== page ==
22. November 2005 · Comments Off on Limiting Raich · Categories: Drug Prohibition, General

Randy Barnett at Volokh has been working on a brief for the Ninth Circuit in the abominable Gonzales v. Raich case. The Supremes ruled only on application of the Interstate Commerce clause, this deals with Angel Raich’s basic rights. He’s written a short forward for an upcoming collection in the Lewis & Clark Law Review on Raich’s potential ramifications vis-a-vis federalism. Here’s the abstract:

In Gonzales v. Raich, the Supreme Court rejected a constitutional challenge to the Controlled Substance Act, as applied to the cultivation, possession and use of cannabis for medical purposes as recommended by a physician and authorized by state law. The challenge relied on the precedents of United States v. Lopez and United States v. Morrison in which the Court had found that the statutes involved had exceeded the powers of Congress under the Commerce Clause. As explained by the articles in the symposium in which this Foreword will appear, the Court in Raich has now cast the applicability of these previous decisions into doubt. In this brief essay, I offer a route by which a future majority of the Supreme Court can limit the scope of its decision in Gonzales v. Raich should it desire to put its commitment to federalism above a commitment to national power. Viewed in this light, the decision in Raich is not quite as sweeping as it first appears.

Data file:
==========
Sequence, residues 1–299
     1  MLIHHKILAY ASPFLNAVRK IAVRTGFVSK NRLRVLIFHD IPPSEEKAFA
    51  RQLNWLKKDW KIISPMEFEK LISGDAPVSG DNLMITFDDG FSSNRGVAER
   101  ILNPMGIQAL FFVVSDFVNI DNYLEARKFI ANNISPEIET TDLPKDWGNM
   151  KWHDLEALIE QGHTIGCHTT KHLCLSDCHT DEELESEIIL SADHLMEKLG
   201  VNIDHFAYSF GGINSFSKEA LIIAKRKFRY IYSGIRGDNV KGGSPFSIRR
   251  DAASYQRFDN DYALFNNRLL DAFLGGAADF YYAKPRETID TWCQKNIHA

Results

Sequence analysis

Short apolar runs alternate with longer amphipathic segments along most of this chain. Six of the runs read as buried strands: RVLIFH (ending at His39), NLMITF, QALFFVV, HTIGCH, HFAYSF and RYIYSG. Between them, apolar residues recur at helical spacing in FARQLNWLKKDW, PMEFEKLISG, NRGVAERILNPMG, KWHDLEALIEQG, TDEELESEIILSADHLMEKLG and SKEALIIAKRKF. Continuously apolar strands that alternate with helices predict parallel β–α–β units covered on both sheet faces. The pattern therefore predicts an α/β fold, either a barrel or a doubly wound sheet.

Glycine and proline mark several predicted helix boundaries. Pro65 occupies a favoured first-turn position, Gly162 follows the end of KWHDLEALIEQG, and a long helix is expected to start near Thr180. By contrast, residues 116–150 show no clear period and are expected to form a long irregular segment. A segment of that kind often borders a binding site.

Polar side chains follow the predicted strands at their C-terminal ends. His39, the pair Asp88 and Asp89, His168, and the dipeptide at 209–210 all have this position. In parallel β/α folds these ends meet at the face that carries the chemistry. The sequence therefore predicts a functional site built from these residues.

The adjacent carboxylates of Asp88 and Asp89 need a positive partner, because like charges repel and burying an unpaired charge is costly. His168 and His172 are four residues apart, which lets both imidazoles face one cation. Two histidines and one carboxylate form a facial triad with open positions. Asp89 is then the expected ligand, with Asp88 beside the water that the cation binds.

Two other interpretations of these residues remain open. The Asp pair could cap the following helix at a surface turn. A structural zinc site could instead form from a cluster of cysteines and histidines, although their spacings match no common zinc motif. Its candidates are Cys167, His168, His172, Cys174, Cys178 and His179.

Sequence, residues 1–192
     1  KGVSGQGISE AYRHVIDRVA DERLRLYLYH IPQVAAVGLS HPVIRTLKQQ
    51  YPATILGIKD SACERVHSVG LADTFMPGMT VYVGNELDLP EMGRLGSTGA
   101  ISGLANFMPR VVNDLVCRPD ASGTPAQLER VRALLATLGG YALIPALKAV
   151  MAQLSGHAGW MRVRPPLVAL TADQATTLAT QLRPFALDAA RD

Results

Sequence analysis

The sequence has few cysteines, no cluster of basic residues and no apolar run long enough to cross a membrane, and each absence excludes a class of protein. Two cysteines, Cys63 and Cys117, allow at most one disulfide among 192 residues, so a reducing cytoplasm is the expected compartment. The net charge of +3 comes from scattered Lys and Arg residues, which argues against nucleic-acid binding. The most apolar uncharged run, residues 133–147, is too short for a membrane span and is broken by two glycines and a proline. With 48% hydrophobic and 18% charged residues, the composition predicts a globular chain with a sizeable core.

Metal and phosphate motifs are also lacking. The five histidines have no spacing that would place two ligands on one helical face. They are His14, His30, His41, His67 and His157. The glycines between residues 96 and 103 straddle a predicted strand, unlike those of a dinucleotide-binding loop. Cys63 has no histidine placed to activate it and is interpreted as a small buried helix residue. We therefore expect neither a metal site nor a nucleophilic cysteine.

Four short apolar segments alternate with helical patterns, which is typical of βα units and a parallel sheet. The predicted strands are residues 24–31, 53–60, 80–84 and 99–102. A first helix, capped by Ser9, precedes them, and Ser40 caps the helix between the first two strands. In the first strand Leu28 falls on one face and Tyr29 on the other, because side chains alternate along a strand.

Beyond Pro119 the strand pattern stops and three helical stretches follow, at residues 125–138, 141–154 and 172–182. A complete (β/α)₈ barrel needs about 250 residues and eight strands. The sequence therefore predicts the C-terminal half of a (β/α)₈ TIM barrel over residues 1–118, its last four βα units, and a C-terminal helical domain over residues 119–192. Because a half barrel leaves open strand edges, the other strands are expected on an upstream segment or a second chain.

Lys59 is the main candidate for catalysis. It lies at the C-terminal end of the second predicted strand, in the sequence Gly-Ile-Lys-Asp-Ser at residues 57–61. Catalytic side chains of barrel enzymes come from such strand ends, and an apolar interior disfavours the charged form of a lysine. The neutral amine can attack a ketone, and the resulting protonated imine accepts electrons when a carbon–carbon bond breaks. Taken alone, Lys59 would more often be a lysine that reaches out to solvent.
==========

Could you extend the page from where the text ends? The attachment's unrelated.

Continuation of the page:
Update: Glenn Reynolds pitches he and Brannon Denning’s article in the collection:

[O]ur article is the only one, I believe, to invoke Emily Litella — and it also has zombies, and a subtle Simpsons reference. Plus a radical theory of the Necessary and Proper clause!


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